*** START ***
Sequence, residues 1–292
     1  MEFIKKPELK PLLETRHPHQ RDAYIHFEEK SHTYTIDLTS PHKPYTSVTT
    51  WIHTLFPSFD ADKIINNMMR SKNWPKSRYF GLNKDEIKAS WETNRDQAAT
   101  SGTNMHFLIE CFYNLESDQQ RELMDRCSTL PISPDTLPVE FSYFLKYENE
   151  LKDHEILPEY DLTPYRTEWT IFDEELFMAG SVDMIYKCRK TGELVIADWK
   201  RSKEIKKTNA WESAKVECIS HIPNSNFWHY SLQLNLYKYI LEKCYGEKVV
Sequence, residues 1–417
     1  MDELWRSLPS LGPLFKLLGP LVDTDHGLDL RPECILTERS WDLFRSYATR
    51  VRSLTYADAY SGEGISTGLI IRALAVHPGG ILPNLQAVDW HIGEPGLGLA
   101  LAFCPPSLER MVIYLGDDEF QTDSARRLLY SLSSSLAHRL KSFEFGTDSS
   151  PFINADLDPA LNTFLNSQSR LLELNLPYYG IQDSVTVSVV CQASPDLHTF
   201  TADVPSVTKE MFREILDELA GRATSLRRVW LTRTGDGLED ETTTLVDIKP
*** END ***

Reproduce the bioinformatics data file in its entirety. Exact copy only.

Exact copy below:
Sequence, residues 1–292
     1  MEFIKKPELK PLLETRHPHQ RDAYIHFEEK SHTYTIDLTS PHKPYTSVTT
    51  WIHTLFPSFD ADKIINNMMR SKNWPKSRYF GLNKDEIKAS WETNRDQAAT
   101  SGTNMHFLIE CFYNLESDQQ RELMDRCSTL PISPDTLPVE FSYFLKYENE
   151  LKDHEILPEY DLTPYRTEWT IFDEELFMAG SVDMIYKCRK TGELVIADWK
   201  RSKEIKKTNA WESAKVECIS HIPNSNFWHY SLQLNLYKYI LEKCYGEKVV
Sequence, residues 1–417
     1  MDELWRSLPS LGPLFKLLGP LVDTDHGLDL RPECILTERS WDLFRSYATR
    51  VRSLTYADAY SGEGISTGLI IRALAVHPGG ILPNLQAVDW HIGEPGLGLA
   101  LAFCPPSLER MVIYLGDDEF QTDSARRLLY SLSSSLAHRL KSFEFGTDSS
   151  PFINADLDPA LNTFLNSQSR LLELNLPYYG IQDSVTVSVV CQASPDLHTF
   201  TADVPSVTKE MFREILDELA GRATSLRRVW LTRTGDGLED ETTTLVDIKP